Car­ry­ing the torch

Dav­ina and the Vagabonds

Pasatiempo - - CONTENTS - Casey Sanchez

Dav­ina Sow­ers vamps her way through sets of bluesy Dix­ieland songs in jazz clubs across the coun­try, but she would look equally at home in a 1920s New Orleans speakeasy. On stage, she con­jures up im­ages of ragtime glam­our — ruby red lipstick, a tiered fringe dress, and a Bake­lite neck­lace fram­ing a Sailor Jerry-es­que chest tat­too. Her dark tresses are neatly flat­tened to a few waves that peek out of a tilt hat. But it’s no act. Mu­si­cally speak­ing, Sow­ers’ 1980s girl­hood might as well have taken place in the Pro­hi­bi­tion era. “I ac­tu­ally grew up lis­ten­ing to a lot of Amer­i­cana on records played on an Edi­son Vic­trola,” she told Pasatiempo. “My fa­ther was born in 1902. He adopted me and my mom was half his age. It was her fourth mar­riage. What can I say? It was dif­fer­ent grow­ing up. Peo­ple would ask if he was my grand­fa­ther,” Sow­ers said. “He was a great dad and he in­stilled a love of good mu­sic in me.”

A clas­si­cally trained pi­anist, Sow­ers set out on her own at fif­teen, ac­quir­ing an­other type of ed­u­ca­tion through years of hard liv­ing as a quasi-home­less gui­tar and ukulele busker in Key West. Eleven years ago, she re­dis­cov­ered her love of early-20th-cen­tury blues and jazz and de­camped to Minneapolis, where she formed the Vagabonds.

Dav­ina and the Vagabonds — trum­pet player Zack Lozier, trom­bon­ist Steve Rog­ness, drum­mer Con­nor McRae Ham­mer­gren, and up­right bass player Matt Blake — play at Sky­light on Wed­nes­day, Sept. 21.

A good en­try point to the group’s mu­sic is “Sun­shine,” a melodic ditty off the 2014 al­bum of the same name. At first, the song seems to nod, lyri­cally and son­i­cally, to the old-time coun­try of “You Are My Sun­shine.” Sower’s vo­cals are re­verbed and fil­tered through a gos­samer of an­tique record crackle: “Fi­nally got my feet back on the ground/The clouds have cleared and gone away/Noth­ing’s ever go­ing to bring me down/My smile is fi­nally here to stay.” Then a spate of trum­pets and trom­bones per­forms a ragtime cake­walk along an in­stantly hummable 1960s Mem­phis soul hook that wouldn’t be out of place on an Amy Wine­house B-side. The song’s feel-good re­frain turns out to be the cho­rus to an ebul­lient ode to the joys of break­ing up with a bad lover who wouldn’t com­mit — “Boy I think it’s time to reeval­u­ate your claim/Chang­ing ev­ery­thing about me ex­cept my name . ... ”

Ear­lier this year, the band re­leased a full-length live al­bum, Ni­col­let and Tenth, named for the in­ter­sec­tion that’s home to Minneapolis’ Dakota Jazz Club, where it was recorded, and where the Vagabonds have been some­thing of a house band for over a decade. The live per­for­mance com­prises the band’s best-known songs, as well as cov­ers of Fats Domino’s “Ain’t That a Shame” and the Etta James torch song “I’d Rather Go Blind.”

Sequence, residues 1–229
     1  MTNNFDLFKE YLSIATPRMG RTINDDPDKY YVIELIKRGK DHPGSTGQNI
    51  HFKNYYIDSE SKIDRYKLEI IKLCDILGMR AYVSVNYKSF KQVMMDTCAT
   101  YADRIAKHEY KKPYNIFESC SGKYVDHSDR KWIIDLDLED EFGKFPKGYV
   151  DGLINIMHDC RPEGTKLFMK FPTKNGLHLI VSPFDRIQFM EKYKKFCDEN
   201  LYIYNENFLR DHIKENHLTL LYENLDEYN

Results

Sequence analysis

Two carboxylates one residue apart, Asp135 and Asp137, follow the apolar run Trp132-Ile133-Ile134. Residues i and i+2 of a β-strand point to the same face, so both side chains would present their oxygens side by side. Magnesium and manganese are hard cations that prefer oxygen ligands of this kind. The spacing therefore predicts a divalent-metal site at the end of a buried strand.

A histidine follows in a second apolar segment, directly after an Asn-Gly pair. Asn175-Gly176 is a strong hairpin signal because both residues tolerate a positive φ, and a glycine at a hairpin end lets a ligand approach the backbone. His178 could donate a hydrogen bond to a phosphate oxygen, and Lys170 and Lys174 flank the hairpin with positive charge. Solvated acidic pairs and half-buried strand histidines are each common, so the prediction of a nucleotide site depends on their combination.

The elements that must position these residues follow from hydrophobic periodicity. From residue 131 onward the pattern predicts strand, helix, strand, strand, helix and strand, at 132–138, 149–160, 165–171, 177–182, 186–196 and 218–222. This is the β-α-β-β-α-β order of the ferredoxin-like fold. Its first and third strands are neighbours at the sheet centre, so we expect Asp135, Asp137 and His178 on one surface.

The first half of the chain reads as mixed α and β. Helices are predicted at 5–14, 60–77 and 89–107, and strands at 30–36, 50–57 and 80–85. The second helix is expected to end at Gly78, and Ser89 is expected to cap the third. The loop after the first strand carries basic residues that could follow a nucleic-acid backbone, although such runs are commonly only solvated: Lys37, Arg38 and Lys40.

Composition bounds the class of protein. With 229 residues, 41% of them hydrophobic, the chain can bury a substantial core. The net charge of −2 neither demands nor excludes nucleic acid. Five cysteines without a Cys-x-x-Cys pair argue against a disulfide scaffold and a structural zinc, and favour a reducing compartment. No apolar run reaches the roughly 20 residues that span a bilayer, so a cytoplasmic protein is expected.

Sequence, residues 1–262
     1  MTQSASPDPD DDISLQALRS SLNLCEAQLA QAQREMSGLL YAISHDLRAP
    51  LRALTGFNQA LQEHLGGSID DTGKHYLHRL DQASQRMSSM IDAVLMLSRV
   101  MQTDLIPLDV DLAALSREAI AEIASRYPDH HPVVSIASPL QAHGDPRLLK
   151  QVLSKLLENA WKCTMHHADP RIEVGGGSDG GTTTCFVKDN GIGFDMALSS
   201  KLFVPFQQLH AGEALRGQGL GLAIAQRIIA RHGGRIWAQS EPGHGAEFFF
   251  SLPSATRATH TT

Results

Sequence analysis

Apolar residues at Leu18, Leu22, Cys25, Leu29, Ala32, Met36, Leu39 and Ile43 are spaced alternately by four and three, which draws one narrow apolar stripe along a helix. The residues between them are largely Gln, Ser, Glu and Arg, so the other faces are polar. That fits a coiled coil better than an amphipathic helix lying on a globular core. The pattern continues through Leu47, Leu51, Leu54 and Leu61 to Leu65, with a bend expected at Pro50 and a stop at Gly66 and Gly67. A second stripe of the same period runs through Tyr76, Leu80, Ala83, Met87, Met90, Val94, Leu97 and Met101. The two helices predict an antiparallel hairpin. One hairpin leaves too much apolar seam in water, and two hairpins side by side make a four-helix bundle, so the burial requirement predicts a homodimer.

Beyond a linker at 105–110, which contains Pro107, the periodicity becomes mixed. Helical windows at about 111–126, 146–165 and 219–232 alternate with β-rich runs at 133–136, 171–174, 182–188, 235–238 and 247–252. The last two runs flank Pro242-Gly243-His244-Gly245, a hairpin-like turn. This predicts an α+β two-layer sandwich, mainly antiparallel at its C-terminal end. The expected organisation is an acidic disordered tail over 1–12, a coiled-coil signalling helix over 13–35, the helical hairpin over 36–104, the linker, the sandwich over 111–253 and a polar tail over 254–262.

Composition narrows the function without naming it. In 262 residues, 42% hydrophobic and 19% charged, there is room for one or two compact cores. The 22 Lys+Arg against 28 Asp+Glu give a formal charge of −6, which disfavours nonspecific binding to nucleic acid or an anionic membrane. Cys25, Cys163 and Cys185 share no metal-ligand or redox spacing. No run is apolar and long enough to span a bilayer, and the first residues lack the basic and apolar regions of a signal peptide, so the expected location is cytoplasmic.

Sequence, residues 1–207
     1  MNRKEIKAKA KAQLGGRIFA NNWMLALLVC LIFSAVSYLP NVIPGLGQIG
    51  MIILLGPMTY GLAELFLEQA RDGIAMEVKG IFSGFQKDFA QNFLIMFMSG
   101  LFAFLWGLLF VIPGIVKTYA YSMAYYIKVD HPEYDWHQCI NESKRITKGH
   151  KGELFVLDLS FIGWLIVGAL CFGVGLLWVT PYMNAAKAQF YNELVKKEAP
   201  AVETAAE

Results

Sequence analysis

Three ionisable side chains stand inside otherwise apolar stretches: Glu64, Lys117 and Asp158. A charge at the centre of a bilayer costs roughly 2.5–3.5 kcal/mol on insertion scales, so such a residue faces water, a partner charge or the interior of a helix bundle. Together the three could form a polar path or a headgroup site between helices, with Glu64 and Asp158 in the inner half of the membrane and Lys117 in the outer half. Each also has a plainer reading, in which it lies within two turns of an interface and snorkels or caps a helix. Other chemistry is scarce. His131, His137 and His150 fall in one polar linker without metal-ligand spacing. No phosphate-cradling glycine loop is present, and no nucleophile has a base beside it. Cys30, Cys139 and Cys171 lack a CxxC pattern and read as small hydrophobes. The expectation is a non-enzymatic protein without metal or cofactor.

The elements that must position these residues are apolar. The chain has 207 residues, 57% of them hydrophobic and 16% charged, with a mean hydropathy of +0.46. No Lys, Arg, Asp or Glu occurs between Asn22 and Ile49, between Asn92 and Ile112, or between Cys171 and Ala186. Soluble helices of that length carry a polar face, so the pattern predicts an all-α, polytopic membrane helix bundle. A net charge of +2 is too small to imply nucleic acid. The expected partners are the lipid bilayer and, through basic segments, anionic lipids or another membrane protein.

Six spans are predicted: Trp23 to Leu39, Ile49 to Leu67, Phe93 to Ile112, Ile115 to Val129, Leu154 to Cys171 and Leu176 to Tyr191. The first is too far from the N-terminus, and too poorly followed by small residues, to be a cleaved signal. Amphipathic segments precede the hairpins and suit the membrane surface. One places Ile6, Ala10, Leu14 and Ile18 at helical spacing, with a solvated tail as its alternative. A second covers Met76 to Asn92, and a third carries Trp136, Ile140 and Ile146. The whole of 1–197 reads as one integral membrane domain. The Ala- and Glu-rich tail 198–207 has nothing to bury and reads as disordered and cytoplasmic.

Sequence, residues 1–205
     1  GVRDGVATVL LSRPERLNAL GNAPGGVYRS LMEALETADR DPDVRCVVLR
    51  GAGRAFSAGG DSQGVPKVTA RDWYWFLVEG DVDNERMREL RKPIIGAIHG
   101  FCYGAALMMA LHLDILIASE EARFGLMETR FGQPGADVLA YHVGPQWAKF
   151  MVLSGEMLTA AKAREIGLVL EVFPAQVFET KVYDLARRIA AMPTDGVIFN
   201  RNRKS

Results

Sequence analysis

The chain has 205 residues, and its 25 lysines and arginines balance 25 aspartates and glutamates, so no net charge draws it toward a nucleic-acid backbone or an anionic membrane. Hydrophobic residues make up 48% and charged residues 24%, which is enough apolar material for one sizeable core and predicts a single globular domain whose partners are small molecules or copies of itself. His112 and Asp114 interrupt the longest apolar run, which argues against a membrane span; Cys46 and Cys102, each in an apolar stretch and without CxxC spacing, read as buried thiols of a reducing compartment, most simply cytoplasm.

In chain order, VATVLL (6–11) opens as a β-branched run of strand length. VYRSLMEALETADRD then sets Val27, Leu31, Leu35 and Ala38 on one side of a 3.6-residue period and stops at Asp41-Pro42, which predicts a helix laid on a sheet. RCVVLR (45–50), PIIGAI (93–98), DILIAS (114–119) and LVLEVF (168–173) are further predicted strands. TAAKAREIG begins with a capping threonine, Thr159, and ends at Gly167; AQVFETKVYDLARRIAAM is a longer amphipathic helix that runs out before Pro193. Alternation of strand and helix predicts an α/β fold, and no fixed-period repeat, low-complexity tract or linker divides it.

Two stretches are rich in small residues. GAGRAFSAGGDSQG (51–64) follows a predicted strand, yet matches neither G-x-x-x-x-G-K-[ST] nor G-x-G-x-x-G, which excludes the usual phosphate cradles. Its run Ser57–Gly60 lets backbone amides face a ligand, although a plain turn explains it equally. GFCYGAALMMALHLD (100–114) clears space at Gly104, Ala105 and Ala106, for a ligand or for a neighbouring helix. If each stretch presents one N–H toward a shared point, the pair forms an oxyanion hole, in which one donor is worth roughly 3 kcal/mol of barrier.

With their con­tem­po­rary ar­range­ments and Roar­ing Twen­ties trum­pet-and-trom­bone melodies, Dav­ina and the Vagabonds cross a num­ber of mu­si­cal eras. “You have to re­mem­ber that a lot of jazz, a lot of blues, was the pop mu­sic of its time,” Sow­ers said. “Louis Arm­strong was the D’An­gelo of his era.” Ex­tend­ing the metaphor to the an­tique Edi­son Vic­trola she still owns and uses daily, Bow­ers added, “Edi­son was the Ap­ple of its day. Un­like a Gramo­phone, the Edi­son would only play Edi­son discs.”

The band’s work ethic is old school. Play­ing more than 200 dates a year, Dav­ina and the Vagabonds has built a word-of-mouth fol­low­ing through its siz­zling live per­for­mances. The Minneapolis Star Tri­bune rated their de­but al­bum Black Cloud one of the 10 best releases of the year. Down­Beat, a tastemaker mag­a­zine among the jazz, blues, and roots crowd, gave the al­bum 4.5 stars.

Sow­ers is clearly adept at writ­ing con­tem­po­rary pop-song hooks, although the band’s son­ics re­main com­pletely retro. The Vagabonds es­chew gui­tars — and any elec­tric in­stru­ments, for that mat­ter. Their blind trust in the abil­ity of trum­pets and trom­bones to carry a song’s melody is rem­i­nis­cent of New Orleans’ Preser­va­tion Hall Jazz Band. Though the band largely per­forms orig­i­nal songs, its cover cut of the Fats Waller sta­ple “You Must Be Los­ing Your Mind” is a per­fect ex­am­ple of the Vagabonds at their best, giv­ing the trum­peter and the trom­bon­ist as much solo time as the lead singer. There are no pop hooks here or con­tem­po­rary facelifts of a song that reached its peak fame in the 1930s. It’s what Dav­ina and the Vagabonds do best — pro­duce lov­ing, faith­ful re­cre­ations of an­other gen­er­a­tion’s odes to hard times, good liv­ing, and the foibles of ro­mance.

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